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Return of the Riots

DW staff (tt)November 27, 2007

French police stepped up security measures on Tuesday after 77 officers were injured in a second night of massive unrest in Paris suburbs that was sparked by the death of two teenagers.

Young people vandalizing a car in a northern Paris suburb
The latest spurt of violence is reminiscent of the civil unrest in France in 2005Image: AP

A helicopter was deployed early on Tuesday over the town of Villiers-le-Bel, 20 kilometers (12 miles) north of the French capital "to locate people stirring up trouble," a police officer told the news agency AFP.

The violence broke out on Sunday night after two teenagers of African origin, aged 15 and 16, were killed when their motorcycle was struck by a police car.

French police union officials said that 77 officers were injured on Monday night and that several of them were in critical condition.

"One policeman was wounded in the shoulder after being hit by a high-caliber bullet," a security official said, adding that "no vital organ was affected."

Rampaging youths threw Molotov cocktails and set fire to dozens of trash cans and cars in the violence that spread to three other neighborhoods. Police in full riot gear responded with tear gas, rubber bullets and paint guns designed to mark the rabble-rousers.

Police investigation

Young people vandalizing a car in a northern Paris suburb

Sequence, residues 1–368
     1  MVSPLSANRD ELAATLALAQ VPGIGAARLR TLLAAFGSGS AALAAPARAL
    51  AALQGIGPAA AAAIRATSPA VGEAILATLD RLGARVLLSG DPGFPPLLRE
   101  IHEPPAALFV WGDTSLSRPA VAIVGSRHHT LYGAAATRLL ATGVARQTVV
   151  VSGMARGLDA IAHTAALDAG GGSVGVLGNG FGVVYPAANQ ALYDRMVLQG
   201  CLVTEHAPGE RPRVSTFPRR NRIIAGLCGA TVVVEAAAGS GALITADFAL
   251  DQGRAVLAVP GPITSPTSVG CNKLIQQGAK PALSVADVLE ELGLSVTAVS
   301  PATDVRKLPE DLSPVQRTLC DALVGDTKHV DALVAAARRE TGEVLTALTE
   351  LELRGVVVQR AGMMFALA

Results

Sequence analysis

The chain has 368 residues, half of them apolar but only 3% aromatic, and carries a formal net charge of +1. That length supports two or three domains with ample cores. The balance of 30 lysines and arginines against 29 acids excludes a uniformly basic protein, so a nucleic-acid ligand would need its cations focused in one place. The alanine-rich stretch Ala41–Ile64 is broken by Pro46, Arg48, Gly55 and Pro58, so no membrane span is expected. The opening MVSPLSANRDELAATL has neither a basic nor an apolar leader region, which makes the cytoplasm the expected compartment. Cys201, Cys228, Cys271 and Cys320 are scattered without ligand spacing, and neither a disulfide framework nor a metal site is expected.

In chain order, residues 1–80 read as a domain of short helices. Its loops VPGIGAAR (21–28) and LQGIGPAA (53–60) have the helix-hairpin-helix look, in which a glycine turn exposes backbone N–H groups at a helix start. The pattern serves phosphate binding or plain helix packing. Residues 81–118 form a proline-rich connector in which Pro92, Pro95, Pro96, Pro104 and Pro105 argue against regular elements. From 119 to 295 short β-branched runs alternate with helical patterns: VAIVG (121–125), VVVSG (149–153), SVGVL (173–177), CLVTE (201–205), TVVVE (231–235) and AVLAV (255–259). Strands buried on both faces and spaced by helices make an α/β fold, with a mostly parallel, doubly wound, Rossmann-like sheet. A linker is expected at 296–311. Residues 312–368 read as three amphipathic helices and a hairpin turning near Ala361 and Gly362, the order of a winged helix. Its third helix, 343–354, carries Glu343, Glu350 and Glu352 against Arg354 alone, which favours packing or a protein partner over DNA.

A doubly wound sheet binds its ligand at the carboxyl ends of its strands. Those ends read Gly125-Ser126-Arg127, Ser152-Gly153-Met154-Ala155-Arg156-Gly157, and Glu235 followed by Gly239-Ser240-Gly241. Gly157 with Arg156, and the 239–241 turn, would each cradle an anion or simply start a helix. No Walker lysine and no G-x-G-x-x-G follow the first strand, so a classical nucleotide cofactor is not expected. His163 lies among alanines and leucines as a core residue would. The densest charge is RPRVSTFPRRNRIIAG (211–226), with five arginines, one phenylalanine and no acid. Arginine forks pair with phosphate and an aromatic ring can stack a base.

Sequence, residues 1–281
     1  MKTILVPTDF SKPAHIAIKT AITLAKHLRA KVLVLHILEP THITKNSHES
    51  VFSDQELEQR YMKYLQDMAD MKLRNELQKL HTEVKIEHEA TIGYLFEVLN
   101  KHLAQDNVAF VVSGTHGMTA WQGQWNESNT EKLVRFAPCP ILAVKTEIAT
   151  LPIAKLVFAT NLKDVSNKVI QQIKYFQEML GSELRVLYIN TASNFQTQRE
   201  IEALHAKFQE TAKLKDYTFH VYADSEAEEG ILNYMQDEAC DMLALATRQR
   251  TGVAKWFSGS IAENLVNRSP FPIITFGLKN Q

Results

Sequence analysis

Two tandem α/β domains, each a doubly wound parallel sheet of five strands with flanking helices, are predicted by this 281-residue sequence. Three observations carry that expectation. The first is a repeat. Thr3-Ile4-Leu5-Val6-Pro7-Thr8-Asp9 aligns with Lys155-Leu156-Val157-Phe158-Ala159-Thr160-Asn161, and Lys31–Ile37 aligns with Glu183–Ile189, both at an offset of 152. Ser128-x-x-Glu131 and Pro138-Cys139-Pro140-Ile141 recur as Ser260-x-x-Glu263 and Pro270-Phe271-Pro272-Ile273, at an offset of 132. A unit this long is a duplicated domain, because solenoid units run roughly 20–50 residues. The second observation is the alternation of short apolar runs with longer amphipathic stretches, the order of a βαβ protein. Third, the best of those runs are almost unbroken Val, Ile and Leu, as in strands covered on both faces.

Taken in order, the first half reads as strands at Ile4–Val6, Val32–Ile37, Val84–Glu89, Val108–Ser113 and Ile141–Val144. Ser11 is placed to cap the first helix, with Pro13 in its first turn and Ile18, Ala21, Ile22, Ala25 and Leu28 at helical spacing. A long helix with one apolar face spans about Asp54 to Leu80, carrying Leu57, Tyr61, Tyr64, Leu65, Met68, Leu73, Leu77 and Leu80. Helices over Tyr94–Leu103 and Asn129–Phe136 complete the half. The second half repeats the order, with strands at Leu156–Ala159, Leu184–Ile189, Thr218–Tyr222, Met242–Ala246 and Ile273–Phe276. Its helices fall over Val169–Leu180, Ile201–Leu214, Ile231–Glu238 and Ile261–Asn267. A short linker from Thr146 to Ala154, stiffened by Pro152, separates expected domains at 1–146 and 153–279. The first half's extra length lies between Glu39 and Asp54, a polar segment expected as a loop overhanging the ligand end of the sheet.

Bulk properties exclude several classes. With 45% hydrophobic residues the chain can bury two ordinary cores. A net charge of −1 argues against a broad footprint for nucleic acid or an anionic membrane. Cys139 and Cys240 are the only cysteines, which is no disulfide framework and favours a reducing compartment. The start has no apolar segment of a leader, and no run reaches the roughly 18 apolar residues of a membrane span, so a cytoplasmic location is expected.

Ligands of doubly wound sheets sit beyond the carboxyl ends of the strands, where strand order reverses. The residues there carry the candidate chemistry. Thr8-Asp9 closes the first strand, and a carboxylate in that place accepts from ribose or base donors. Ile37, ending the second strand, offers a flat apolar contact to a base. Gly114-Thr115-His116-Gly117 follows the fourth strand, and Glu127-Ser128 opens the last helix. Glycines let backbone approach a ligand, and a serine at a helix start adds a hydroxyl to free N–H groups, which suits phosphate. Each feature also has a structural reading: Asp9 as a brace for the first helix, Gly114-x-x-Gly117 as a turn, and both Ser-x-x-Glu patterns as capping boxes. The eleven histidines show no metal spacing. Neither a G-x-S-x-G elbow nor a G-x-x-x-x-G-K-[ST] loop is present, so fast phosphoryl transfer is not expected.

Rioting spread to several suburbsImage: AP

State prosecutor Marie-Therese Givry ordered an internal police investigation for "involuntary manslaughter and failure to assist persons in danger" following the deaths of the two teenagers.

Speaking later to the media, she said witnesses had corroborated the police officers' account of the accident. Police claimed that the bike smashed into the side of their car during a routine patrol and that neither youth was wearing a helmet.

"I will not allow it to be said that police services did not help the youths," she said. "Help was summoned. Emergency services came straightaway. Everything was done to save them."

Police also said that the motorcycle was stolen and that the two youngsters ignored traffic regulations.

Police were accused of ramming the motorbike and of running away. "This is a failure to assist a person in danger," a witness told France Info radio. "It is 100-percent a [police] blunder. They know it, and that's why they did not stay at the scene."

Unresolved tensions

Nicolas Sarkozy
French Prime Minister Nicolas Sarkozy appealed for calmImage: AP

Villiers-le-Bel is a community of 27,000 people, many of them immigrants of Arabic or African origin. It is considered to be, like several other neighborhoods north of the French capital, a sensitive zone of unresolved social tensions.

The latest spurt of street violence revived memories of the three weeks of urban unrest that spread through poor suburbs throughout France in November 2005 after two teenagers were killed in an electricity sub-station while hiding from police.

After Sunday's night of violence, French President Nicolas Sarkozy appealed for calm.

Speaking on a trip to Beijing, Sarkozy called for "all sides to calm down and for the judiciary to decide who bears responsibility."